34 Entering and Executing Commands with a blank line A semicolon (;) tells SQL*Plus that you want to run the command. Type the semicolon at the end of the last line of the command, as shown in Example 2 3, and press [Return]. SQL*Plus will process the command and store it in the SQL buffer (see the section "The SQL Buffer" below for details). If you mistakenly press [Return] before typing the semicolon, SQL*Plus will prompt you with a line number for the next line of your command. Type the semicolon and press [Return] again to run the command. Note: You cannot enter a comment on the same line after a semicolon. For more information about placing comments, see "Placing Comments in Command Files" in Chapter 3. A slash (/) on a line by itself also tells SQL*Plus that you wish to run the command. Press [Return] at the end of the last line of the command. SQL*Plus prompts you with another line number. Type a slash and press [Return] again. SQL*Plus will execute the command and store it in the buffer (see the section "The SQL Buffer" below for details). A blank line in a SQL statement tells SQL*Plus that you have finished entering the command, but do not want to run it yet. Press [Return] at the end of the last line of the command. SQL*Plus prompts you with another line number. Note: You can change the way blank lines appear and behave in SQL statements using the SET SQLBLANKLINES command. For more information about changing blank line behavior, see the SET command in Chapter 8. Press [Return] again; SQL*Plus now prompts you with the SQL*Plus command prompt. SQL*Plus does not execute the command, but stores it in the SQL buffer (see the section "The SQL Buffer" below for details). If you subsequently enter another SQL command, SQL*Plus overwrites the previous command in the buffer. Creating Stored Procedures Stored procedures are PL/SQL functions, packages, or procedures. To create stored procedures, you use SQL CREATE commands. The following SQL CREATE commands are used to create stored procedures: CREATE FUNCTION CREATE LIBRARY 2-8 SQL*Plus User s Guide and Reference

35 Entering and Executing Commands CREATE PACKAGE CREATE PACKAGE BODY CREATE PROCEDURE CREATE TRIGGER CREATE TYPE Entering any of these commands places you in PL/SQL mode, where you can enter your PL/SQL subprogram. For more information, see the section "Running PL/SQL Blocks" in this chapter). When you are done typing your PL/SQL subprogram, enter a period (.) on a line by itself to terminate PL/SQL mode. To run the SQL command and create the stored procedure, you must enter RUN or slash (/). A semicolon (;) will not execute these CREATE commands. When you use CREATE to create a stored procedure, a message appears if there are compilation errors. To view these errors, you use SHOW ERRORS. For example: SQL> SHOW ERRORS PROCEDURE ASSIGNVL For more information about the SHOW command, see the "Command Reference" in Chapter 8. To execute a PL/SQL statement that references a stored procedure, you can use the EXECUTE command. EXECUTE runs the PL/SQL statement that you enter immediately after the command. For example: SQL> EXECUTE :ID := EMP_MANAGEMENT.GET_ID( BLAKE ) For more information about the EXECUTE command, see the "Command Reference" in Chapter 8. The SQL Buffer The area where SQL*Plus stores your most recently entered SQL command or PL/SQL block is called the SQL buffer. The command or block remains there until you enter another. Thus, if you want to edit or re-run the current SQL command or PL/SQL block, you may do so without re-entering it. For more information about editing or re-running a command or block stored in the buffer see the section "Running Command Files" in Chapter 3. SQL*Plus does not store the semicolon or the slash you type to execute a command in the SQL buffer. Learning SQL*Plus Basics 2-9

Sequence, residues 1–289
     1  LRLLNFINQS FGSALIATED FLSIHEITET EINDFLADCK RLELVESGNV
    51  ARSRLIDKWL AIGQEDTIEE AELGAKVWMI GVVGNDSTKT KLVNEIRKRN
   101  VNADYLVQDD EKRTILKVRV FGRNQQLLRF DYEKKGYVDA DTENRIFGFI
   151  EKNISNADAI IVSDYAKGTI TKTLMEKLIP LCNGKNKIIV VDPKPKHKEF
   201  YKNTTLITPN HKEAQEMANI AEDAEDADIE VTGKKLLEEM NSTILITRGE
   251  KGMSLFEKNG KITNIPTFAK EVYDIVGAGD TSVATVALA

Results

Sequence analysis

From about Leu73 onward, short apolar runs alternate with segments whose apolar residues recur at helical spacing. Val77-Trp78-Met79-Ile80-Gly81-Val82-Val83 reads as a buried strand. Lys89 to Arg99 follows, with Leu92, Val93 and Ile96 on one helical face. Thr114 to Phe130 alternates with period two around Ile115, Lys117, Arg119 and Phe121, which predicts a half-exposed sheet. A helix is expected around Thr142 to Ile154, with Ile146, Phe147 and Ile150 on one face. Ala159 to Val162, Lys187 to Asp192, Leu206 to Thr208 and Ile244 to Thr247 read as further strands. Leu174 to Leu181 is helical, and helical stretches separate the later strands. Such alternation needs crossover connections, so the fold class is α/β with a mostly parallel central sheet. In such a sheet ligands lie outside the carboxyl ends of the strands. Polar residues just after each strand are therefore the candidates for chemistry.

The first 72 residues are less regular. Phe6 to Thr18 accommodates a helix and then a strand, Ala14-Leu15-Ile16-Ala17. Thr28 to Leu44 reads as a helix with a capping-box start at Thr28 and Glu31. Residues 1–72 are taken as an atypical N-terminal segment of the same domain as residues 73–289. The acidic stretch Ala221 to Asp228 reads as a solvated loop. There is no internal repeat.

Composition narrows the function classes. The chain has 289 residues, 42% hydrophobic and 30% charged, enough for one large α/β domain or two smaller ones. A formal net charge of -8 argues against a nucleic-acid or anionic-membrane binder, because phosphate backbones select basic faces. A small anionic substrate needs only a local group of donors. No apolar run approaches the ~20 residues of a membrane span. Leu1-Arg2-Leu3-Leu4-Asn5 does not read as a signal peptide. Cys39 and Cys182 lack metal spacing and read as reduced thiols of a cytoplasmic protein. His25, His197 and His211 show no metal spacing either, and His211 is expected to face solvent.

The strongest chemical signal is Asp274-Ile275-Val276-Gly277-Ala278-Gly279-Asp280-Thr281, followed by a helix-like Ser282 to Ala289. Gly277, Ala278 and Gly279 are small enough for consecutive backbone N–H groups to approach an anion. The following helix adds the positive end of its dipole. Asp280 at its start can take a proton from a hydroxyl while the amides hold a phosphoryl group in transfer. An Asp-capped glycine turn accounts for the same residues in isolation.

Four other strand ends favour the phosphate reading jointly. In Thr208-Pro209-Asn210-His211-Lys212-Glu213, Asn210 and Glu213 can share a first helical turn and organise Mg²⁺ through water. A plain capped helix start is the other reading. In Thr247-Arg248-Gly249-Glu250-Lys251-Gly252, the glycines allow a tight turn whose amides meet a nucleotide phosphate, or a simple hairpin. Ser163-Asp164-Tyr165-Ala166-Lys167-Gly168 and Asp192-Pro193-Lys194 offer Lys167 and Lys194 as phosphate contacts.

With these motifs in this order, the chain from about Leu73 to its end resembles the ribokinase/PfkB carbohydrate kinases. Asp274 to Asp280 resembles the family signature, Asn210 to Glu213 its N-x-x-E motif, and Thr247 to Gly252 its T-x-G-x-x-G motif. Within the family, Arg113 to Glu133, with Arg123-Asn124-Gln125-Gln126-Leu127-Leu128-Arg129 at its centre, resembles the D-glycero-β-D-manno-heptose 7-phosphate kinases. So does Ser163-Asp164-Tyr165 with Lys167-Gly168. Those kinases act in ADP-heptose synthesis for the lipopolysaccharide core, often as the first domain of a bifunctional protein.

36 Entering and Executing Commands Note: SQL*Plus commands are not stored in the SQL buffer. Running PL/SQL Blocks Executing the Current SQL Command or PL/SQL Block from the Command Prompt You can run (or re-run) the current SQL command or PL/SQL block by entering the RUN command or the slash (/) command at the command prompt. The RUN command lists the SQL command or PL/SQL block in the buffer before executing the command or block; the slash (/) command simply runs the SQL command or PL/SQL block. You can also use PL/SQL subprograms (called blocks) to manipulate data in the database. See your PL/SQL User s Guide and Reference for information on individual PL/SQL statements. To enter a PL/SQL subprogram in SQL*Plus, you need to be in PL/SQL mode. You are placed in PL/SQL mode when You type DECLARE or BEGIN at the SQL*Plus command prompt. After you enter PL/SQL mode in this way, type the remainder of your PL/SQL subprogram. You type a SQL command (such as CREATE FUNCTION) that creates a stored procedure. After you enter PL/SQL mode in this way, type the stored procedure you want to create. SQL*Plus treats PL/SQL subprograms in the same manner as SQL commands, except that a semicolon (;) or a blank line does not terminate and execute a block. Terminate PL/SQL subprograms by entering a period (.) by itself on a new line. SQL*Plus stores the subprograms you enter at the SQL*Plus command prompt in the SQL buffer. Execute the current subprogram by issuing a RUN or slash (/) command. Likewise, to execute a SQL CREATE command that creates a stored procedure, you must also enter RUN or slash (/). A semicolon (;) will not execute these SQL commands as it does other SQL commands. SQL*Plus sends the complete PL/SQL subprogram to Oracle for processing (as it does SQL commands) SQL*Plus User s Guide and Reference